Song of Solomon is the second published novel written by Toni Morrison, a winner of the Nobel Prize in literature (1993). Though she was awarded the Nobel Prize sixteen years after writing Song of Solomon, and published many other literary works in between, this novel still contains the eloquent poetic writing signature to Morrison’s style.
Song of Solomon tells the story of a young upper middle-class African American man coming of age in Michigan during the 1960s. Macon Dead, better known as Milkman, tries to find his own place in the world instead of relying on the reputation of his predecessors. In doing so, Milkman encounters a slew of colorful, interesting characters that fly off the page. Traveling from Michigan to Pennsylvania to Virginia and back searching for his true place in the world as it is to him, Milkman travels his passage to manhood in a way he least expects it and only realizes the necessity of his journey once he arrivals at its end.
As the main character wades through the lessons of his grandfather, a physician celebrated for his academic accomplishments but hated for his social politics, and his father, a real estate success who places too much value on material things, the reader is submerged in the unmatched wordsmithing of Morrison and her natural talent for creating all too realistic character dialogue. Morrison gives each character a unique voice in which the reader can independently interpret emotion rather than it being told through the author’s story telling. The characters come alive through conversation in a way only Morrison can imagine, and tell, a story.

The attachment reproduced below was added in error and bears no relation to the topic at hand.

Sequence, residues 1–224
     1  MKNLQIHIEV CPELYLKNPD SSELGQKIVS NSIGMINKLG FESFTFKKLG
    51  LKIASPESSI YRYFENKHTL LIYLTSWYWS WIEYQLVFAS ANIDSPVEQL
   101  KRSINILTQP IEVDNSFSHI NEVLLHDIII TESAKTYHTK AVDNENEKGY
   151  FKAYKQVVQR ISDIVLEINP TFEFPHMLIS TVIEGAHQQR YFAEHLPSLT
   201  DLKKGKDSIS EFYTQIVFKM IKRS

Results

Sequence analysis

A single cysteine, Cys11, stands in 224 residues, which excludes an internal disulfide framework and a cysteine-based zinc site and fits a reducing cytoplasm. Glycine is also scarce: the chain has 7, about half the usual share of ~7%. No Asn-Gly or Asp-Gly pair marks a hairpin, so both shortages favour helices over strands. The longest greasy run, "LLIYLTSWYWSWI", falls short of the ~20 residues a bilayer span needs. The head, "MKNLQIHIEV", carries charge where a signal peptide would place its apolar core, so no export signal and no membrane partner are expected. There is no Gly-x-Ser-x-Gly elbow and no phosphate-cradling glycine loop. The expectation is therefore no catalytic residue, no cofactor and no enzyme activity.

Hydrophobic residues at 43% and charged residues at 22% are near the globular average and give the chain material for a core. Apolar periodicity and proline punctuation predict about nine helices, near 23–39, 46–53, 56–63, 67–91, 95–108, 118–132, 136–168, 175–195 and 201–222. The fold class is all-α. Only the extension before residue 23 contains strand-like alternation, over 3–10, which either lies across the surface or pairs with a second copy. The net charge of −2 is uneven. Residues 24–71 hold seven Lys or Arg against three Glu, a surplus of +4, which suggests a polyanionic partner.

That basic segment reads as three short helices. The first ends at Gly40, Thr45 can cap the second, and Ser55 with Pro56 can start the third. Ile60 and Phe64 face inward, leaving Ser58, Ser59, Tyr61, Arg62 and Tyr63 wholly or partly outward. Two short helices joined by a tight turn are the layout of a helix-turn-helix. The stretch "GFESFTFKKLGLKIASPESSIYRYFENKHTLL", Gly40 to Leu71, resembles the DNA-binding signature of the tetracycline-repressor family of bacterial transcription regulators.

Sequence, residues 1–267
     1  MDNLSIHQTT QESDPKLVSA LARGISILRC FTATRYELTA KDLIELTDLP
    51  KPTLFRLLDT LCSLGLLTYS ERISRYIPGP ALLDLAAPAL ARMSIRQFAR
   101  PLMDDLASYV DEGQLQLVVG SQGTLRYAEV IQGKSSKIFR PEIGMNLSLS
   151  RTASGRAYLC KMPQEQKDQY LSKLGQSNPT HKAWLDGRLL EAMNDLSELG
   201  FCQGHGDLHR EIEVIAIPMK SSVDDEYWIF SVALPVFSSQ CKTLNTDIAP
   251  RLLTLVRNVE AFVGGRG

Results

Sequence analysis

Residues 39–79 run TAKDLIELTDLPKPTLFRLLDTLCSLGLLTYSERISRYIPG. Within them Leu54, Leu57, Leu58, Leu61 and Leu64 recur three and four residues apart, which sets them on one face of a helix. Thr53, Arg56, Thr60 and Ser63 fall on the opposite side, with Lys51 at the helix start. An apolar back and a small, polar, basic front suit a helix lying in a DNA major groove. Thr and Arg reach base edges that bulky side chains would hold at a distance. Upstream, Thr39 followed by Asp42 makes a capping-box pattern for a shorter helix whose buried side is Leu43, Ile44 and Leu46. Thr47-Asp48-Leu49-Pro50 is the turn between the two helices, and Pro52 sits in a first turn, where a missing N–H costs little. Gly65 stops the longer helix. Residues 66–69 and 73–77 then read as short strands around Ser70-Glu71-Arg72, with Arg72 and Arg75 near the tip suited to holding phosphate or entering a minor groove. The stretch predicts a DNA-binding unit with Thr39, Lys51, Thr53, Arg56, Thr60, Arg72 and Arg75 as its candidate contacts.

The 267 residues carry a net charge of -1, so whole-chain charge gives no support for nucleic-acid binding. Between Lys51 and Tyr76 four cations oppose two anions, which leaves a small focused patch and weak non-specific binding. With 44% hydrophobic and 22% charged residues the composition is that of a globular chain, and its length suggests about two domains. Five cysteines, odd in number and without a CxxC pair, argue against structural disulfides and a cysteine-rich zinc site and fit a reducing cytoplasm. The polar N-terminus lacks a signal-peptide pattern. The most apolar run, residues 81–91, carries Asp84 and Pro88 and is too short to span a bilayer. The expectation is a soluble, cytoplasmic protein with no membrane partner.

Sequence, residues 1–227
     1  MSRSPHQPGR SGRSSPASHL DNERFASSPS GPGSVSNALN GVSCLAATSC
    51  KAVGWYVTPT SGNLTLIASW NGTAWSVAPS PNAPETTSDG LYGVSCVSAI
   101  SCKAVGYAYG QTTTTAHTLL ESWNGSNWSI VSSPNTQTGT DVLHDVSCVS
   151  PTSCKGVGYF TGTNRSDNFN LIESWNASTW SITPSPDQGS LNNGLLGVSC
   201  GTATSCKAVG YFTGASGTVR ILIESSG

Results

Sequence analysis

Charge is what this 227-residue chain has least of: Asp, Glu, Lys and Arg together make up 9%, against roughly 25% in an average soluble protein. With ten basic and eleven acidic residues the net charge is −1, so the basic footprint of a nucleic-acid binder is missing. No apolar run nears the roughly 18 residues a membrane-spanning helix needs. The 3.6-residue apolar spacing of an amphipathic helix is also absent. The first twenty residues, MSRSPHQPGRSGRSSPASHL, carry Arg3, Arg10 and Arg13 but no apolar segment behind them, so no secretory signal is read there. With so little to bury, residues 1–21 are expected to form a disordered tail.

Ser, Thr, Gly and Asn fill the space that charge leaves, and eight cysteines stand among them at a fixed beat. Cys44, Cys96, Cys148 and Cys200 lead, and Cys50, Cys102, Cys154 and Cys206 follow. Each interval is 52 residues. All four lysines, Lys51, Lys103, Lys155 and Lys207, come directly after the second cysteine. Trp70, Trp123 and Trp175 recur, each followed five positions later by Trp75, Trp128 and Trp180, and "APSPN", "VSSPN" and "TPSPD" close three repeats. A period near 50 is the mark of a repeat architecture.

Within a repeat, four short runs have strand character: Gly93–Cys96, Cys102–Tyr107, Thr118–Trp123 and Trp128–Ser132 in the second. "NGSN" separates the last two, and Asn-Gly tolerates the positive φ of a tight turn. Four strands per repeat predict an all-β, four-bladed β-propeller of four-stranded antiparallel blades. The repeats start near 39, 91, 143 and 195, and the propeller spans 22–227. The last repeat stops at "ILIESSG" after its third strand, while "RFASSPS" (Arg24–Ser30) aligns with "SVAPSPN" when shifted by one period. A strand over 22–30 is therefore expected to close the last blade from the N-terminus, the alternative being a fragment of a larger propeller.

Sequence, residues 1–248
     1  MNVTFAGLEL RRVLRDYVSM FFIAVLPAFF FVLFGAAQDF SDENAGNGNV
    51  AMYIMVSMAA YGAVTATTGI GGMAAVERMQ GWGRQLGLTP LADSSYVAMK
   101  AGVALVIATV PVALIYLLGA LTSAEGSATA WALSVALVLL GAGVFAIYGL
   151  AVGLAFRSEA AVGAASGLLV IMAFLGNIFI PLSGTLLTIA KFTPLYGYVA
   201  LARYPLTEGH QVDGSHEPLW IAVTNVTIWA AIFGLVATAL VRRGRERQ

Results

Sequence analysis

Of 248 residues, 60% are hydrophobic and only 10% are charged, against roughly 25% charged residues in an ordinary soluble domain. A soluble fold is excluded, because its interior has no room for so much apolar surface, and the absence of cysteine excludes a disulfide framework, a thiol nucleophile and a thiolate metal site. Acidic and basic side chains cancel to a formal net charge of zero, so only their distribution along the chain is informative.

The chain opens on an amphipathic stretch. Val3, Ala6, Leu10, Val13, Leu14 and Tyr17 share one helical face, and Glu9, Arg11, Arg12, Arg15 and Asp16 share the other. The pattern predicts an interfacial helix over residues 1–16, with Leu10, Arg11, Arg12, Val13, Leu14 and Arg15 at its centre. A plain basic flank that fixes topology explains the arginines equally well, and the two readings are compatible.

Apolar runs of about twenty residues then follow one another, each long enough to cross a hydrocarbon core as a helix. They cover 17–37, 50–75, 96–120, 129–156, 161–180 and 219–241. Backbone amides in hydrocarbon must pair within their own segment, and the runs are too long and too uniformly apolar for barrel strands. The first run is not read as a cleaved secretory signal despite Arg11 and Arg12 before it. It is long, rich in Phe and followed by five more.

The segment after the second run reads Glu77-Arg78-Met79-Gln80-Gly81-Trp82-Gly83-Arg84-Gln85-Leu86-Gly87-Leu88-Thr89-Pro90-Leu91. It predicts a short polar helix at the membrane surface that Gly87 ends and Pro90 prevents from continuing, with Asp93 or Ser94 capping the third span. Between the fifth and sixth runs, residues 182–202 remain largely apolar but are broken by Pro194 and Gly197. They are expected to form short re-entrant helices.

“How can he not love your hair? It’s the same hair that grows out of his own armpits. The same hair that crawls up out his crotch on up his stomach. All over his chest. The very same. It grows out of his nose, over his lips, and if he ever lost his razor it would grow all over his face. It’s all over his head, Hagar. It’s his hair too. He got to love it…..He don’t know what he loves, but he’ll come around, honey, one of these days. How can he love himself and hate your hair?” ~Pilate
Subsequently and equally impressive Morrison writes the parallel stories of the women surrounding Milkman, effortlessly giving the reader insight into African American culture, dialogue, pressures and threats during the time period in which the novel takes place. In this fictional tale Ruth, Corinthians, Magdalene, Pilate, Reba, Hagar and Sweet are the true conquerors. Even in a small exchange of a grandmother answering her grand-daughter's question of why the man she loves doesn’t love her or her hair, Morrison manages to ask a larger equivocal question. One that addresses the humanity of self-loathing manifesting in ways we don't expect...in ways even a loving grandmother can't rationalize. Any reader will find shades of pillars peppering their own life journey in the hearts of these masterfully developed characters. Rather learning true life lessons through their eyes.
Ever eventful, this novel is full of wisdom, lies, deception, secrets, assassins and much more; sure to keep the reader’s attention -fully entertained. At the very least, the reader is graced with experiencing a talent that has forever woven itself into American History as one of the greatest story tellers of all time.
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xoxoxoxoxox -Happy Reading My friends!
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